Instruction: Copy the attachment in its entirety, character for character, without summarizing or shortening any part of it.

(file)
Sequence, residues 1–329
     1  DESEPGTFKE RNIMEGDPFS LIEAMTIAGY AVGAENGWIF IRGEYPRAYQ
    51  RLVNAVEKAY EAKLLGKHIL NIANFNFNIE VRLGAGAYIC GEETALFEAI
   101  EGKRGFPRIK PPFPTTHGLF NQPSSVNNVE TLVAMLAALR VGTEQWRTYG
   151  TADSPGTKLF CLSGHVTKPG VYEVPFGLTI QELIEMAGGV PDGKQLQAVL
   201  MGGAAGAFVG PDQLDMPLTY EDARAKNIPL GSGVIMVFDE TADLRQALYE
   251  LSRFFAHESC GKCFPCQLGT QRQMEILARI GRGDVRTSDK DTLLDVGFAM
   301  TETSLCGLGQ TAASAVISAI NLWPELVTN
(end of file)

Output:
Sequence, residues 1–329
     1  DESEPGTFKE RNIMEGDPFS LIEAMTIAGY AVGAENGWIF IRGEYPRAYQ
    51  RLVNAVEKAY EAKLLGKHIL NIANFNFNIE VRLGAGAYIC GEETALFEAI
   101  EGKRGFPRIK PPFPTTHGLF NQPSSVNNVE TLVAMLAALR VGTEQWRTYG
   151  TADSPGTKLF CLSGHVTKPG VYEVPFGLTI QELIEMAGGV PDGKQLQAVL
   201  MGGAAGAFVG PDQLDMPLTY EDARAKNIPL GSGVIMVFDE TADLRQALYE
   251  LSRFFAHESC GKCFPCQLGT QRQMEILARI GRGDVRTSDK DTLLDVGFAM
   301  TETSLCGLGQ TAASAVISAI NLWPELVTN